1828Re: Exact definition of a session
- Oct 6, 2004Hi Mike,
> I need a better understanding of when a session gets created asThis all boils down to how cookies behave. If you understand how cookies
> opposed to when an existing session is used.
> Let me put forth my understanding and if someone can tell me where I'm
> right/wrong I'd greatly appreciate it.
> I've observed the following behavior.
> * On mozilla, if I bring up my application on multiple tags of the
> same browser instance, it all seems to access the same session
> (assuming I haven't abandoned it).
> * With mozilla, on the same client, if I bring up multiple versions of
> mozilla, it seems to tap into different sessions.
> * With konqueror (which I must support), from the same hardware
> client, even with different instances of the browser, it seems to tap
> into the same session.
> * From different hardware clients, it always seems to create a new
> session or tap into an existing session from that same client).
work, you will understand sessions, too (probably, at least).
> SESSION MECHANICS THEORYSo you do understand cookies :-)
> So, my theory based on these observations is that a cookie defines a
> session and that cookie always has the exact name "session-id" and,
> for some reason mozilla must maintain separate caches of cookies per
> browser invocation will mozilla does not.
> QUESTIONSI don't fully understand this question, but you might try to use
> * Is there any way to have more than one session for a given hardware
> client perhaps based on application?
cookie-less sessions using URL rewriting. This way you are not bound to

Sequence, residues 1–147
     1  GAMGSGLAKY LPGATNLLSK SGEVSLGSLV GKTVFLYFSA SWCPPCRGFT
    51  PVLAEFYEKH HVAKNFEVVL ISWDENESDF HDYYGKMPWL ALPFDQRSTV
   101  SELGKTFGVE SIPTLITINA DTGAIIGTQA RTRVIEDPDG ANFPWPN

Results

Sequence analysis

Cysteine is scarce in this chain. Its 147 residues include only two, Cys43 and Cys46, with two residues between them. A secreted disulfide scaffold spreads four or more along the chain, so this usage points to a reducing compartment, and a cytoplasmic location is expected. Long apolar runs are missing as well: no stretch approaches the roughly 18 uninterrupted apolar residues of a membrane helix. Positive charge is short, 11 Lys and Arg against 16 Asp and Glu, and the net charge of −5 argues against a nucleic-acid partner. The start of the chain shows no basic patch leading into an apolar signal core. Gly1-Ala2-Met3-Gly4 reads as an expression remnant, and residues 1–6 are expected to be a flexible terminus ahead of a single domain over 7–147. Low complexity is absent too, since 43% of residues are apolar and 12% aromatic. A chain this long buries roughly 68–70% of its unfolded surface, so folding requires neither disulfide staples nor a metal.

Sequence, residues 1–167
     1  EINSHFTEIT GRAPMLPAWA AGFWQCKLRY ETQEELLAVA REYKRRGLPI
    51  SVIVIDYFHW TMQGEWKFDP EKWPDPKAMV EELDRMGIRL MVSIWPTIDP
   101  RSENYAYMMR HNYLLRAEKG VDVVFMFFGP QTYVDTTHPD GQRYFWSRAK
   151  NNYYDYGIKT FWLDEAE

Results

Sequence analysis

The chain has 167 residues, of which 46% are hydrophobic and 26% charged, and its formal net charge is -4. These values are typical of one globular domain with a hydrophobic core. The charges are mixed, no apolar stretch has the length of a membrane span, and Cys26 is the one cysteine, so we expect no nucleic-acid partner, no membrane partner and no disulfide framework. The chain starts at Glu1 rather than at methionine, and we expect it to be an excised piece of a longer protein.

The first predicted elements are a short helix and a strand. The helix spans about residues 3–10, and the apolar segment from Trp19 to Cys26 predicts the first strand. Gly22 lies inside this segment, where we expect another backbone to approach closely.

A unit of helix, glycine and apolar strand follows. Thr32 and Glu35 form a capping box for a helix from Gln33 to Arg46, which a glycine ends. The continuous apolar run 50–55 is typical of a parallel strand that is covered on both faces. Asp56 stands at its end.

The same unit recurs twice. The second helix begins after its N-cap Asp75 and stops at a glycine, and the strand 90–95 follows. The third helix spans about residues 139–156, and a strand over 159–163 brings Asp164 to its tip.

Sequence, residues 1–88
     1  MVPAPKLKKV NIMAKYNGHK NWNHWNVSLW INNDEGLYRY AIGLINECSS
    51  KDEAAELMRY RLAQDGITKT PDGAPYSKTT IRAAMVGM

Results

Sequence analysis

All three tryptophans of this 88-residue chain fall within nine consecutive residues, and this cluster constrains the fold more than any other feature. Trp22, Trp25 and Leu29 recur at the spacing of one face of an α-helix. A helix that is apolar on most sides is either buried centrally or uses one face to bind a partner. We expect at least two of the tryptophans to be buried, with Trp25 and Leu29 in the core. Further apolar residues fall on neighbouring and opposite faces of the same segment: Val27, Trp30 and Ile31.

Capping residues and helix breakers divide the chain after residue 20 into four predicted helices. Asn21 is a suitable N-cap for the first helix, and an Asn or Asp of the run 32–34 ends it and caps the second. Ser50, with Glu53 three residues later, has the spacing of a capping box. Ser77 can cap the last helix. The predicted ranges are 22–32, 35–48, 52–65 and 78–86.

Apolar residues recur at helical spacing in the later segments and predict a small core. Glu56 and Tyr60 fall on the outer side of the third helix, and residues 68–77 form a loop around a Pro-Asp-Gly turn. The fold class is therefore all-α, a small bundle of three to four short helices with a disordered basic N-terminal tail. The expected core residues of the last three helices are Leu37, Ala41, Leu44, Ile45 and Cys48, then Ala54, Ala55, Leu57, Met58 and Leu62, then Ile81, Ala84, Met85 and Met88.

how different browsers/browser instances handle cookies. But you must
take care of session initialization (creating new sessions) at
> That would imply either the session-id cooke could be prefixed orLast activity.
> somehow the browser would store it in a subdirectory based on the
> application (I don't know if browsers allow this type of control
> within the cookie directory though I'm scpetical the sub-directory
> thing is feasible).
> * With regard to session timeout, if it is set to something like 60
> minutes, is that 60 minutes from the beginning of session creation or
> 60 minutes from the point of last activity. The latter seems more
> useful and typical to me, but I'd like to confirm it...
> * Our application is characterized by few simultaneous users thatDepends on what kind of session storage you use. See:
> perform tasks where there is significant computation. While the
> computation generates a fair amount of data (a few MB), the
> computation takes long enough that it is highly desirable to keep the
> results in session. Is there a limit to how much data I can keep in
IMHO the default state manager can only handle 1k or so - others can
hold much more data.
> Based on how our applicaiton is characterized is there any reason toSession data is stored on disc. Because of this, on every page where you
> not keep the data in session?
use the session it must be fetched, which might slow down you
application and increase the memory usage of your application.
Hope this helps.
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